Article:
As Floridians continue to rebuild after Hurricane Irma, a new consumer alert warns against bad actors trying to rip off homeowners seeking repairs from the storm.
A joint effort of the Florida Chamber of Commerce and U.S. Chamber Institute for Legal Reform, the one-minute consumer alert hitting airwaves Friday is alerting homeowners about falling victim to assignment of benefits (AOB) lawsuits.
Assignment of benefits is a document allowing third-party contractors – water extraction companies, roofers, plumbers and the like — to “stand in the shoes” of the insured to receive payment directly from the insurance company for work performed.
Although AOB is a widespread practice in health insurance and similar industries, Florida’s litigious environment emboldens unscrupulous parties to inflate bills and file frivolous lawsuits over small, simple (or even accepted) claims.
This abuse results in higher insurance rates for everyone.
“Florida trial lawyers and unscrupulous contractors are scamming millions, while homeowners are left with skyrocketing insurance premiums and shoddy or even incomplete repair work,” the alert warns. “One study shows Miami premiums could jump more than 50 percent in five years if the state Legislature doesn’t end the AOB lawsuit scam.”
Nearly nonexistent 15 years ago, AOB lawsuit fraud has now spread across Florida – with many homeowners holding the bill on these ‘get rich quick’ schemes from what the Chamber refers to as a “cottage industry of trial lawyers and shady repair vendors.”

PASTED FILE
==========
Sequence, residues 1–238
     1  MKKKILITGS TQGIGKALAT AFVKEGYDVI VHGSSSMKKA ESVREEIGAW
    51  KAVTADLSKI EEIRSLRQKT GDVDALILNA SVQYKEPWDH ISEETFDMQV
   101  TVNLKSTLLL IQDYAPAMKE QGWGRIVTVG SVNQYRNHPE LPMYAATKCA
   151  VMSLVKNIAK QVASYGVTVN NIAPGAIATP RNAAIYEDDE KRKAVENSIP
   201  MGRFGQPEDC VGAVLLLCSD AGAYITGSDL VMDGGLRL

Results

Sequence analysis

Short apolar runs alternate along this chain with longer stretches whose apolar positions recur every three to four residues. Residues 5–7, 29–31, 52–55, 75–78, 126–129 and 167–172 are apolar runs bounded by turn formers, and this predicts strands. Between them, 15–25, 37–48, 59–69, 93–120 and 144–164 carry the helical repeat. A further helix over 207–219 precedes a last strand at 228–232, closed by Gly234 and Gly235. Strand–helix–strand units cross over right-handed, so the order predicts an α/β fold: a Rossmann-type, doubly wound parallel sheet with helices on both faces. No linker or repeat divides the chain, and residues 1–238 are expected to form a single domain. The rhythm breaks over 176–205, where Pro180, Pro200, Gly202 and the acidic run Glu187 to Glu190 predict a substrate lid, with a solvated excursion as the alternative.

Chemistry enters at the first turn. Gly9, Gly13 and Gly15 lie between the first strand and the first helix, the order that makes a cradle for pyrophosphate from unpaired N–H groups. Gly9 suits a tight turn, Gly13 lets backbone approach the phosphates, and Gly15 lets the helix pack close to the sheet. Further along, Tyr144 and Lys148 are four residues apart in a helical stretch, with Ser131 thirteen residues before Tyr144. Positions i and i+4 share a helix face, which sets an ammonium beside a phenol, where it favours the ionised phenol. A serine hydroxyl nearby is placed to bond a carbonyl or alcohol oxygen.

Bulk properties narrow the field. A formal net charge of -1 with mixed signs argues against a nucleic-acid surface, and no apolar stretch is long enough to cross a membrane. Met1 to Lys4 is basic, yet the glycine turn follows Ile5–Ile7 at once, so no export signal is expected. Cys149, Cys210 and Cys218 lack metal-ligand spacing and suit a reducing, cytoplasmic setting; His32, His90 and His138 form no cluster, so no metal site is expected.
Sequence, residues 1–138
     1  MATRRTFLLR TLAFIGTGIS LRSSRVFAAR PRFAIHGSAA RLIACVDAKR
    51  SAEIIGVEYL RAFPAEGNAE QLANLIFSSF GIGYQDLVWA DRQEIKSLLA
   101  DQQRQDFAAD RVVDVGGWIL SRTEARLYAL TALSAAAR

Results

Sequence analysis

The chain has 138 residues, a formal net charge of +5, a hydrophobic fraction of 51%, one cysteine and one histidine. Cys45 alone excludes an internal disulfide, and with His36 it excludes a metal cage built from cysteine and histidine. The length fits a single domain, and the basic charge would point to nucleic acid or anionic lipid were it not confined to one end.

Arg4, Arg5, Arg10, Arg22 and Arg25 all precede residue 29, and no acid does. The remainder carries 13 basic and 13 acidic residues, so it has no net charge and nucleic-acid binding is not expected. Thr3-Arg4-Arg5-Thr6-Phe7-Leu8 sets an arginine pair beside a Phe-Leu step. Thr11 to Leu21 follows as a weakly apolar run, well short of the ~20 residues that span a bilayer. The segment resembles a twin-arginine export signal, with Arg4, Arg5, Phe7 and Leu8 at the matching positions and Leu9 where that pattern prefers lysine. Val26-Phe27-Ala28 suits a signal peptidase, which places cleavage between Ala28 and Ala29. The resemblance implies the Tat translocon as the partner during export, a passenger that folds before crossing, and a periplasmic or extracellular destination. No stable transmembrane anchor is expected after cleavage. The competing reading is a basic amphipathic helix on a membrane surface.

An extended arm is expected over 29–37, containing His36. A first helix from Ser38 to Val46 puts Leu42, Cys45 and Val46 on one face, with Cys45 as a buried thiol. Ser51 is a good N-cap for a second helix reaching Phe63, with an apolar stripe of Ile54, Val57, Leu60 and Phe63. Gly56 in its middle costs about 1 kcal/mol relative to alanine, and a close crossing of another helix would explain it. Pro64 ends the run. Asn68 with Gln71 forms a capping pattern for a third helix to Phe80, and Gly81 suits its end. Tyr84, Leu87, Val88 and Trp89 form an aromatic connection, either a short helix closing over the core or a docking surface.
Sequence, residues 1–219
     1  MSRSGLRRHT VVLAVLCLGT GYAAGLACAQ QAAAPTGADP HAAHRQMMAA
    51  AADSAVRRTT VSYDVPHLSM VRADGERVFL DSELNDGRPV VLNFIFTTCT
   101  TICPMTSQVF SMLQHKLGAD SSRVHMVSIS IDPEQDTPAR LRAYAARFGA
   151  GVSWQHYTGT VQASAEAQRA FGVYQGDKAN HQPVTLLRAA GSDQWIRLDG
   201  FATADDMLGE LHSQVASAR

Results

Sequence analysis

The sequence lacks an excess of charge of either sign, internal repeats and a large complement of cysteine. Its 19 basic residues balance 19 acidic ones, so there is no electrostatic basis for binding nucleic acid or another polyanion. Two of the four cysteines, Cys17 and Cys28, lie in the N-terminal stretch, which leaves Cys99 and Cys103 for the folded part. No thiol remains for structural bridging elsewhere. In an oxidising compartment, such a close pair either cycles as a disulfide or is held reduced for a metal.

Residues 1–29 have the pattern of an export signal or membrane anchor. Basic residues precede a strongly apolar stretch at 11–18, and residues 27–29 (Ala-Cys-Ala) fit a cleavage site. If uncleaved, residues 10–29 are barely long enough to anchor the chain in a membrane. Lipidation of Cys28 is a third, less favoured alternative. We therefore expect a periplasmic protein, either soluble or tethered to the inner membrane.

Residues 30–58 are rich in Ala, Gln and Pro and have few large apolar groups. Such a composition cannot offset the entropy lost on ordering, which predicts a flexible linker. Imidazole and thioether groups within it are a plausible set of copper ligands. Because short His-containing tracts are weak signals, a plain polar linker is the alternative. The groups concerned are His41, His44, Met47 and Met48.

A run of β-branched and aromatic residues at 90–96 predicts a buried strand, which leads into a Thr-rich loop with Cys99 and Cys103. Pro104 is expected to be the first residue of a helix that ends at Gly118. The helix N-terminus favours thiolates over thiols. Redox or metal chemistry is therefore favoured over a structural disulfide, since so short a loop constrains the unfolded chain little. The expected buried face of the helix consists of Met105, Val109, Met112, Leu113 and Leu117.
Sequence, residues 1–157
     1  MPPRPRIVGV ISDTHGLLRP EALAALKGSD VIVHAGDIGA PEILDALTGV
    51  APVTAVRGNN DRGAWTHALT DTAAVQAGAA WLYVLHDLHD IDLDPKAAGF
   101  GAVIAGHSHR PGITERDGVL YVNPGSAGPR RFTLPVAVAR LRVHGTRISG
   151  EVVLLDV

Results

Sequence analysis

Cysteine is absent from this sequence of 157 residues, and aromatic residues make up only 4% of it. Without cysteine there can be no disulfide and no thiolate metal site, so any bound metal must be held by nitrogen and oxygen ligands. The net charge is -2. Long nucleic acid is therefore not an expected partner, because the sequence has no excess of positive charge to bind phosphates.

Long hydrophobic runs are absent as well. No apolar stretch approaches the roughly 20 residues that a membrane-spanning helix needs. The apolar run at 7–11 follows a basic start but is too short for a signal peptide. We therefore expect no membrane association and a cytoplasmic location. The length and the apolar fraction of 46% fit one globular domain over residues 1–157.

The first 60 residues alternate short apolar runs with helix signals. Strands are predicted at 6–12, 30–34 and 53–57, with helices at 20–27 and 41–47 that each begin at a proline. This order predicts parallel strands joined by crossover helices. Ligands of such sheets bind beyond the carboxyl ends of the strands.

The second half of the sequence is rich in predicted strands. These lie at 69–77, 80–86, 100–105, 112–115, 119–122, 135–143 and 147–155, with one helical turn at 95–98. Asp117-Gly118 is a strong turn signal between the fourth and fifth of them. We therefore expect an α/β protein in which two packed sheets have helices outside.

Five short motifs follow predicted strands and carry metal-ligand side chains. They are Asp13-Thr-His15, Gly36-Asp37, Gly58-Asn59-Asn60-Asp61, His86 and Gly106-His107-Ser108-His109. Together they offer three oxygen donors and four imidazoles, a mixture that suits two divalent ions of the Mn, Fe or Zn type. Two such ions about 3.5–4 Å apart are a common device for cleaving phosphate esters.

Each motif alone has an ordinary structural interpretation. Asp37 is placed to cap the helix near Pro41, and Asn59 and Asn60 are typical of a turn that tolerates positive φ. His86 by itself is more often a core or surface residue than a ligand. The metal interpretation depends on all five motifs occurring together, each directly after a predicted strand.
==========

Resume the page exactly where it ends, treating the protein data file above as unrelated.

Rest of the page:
As Florida Chamber President and CEO Mark Wilson points out: “This is a clear example of lawsuit abuse at its worst. It’s driving up the cost of homeowner’ insurance rates, and is one of the reasons Florida has the fifth worst legal climate ranking in the country.”
“Florida’s legislature should stop dubious vendors and plaintiffs’ lawyers from raiding the ‘assignment of benefits’ cookie jar. Florida homeowners face skyrocketing insurance costs because of such abuse, and the legislature can provide meaningful relief by adopting sensible reforms,” adds Harold Kim, executive vice president of the U.S. Chamber Institute for Legal Reform.
Both the Chamber and its Consumer Protection Coalition are calling on the Florida Legislature to “pass meaningful reforms” in 2018 to stop AOB abuse.
The need for an alert came after last week when the Florida Office of Insurance Regulation approved a statewide average increase of 6.6 percent for homeowners’ policyholders in Citizens Property Insurance Corp. In the tri-county area of South Florida, average rate increases are even higher in an area where AOB abuse is the worst.
In South Florida, those average rates have inched up to the maximum 10 percent increase allowable by state law for Citizens’ policies.
The alert will air for the next several weeks ahead of the 2018 Legislative Session, which begins Jan. 9.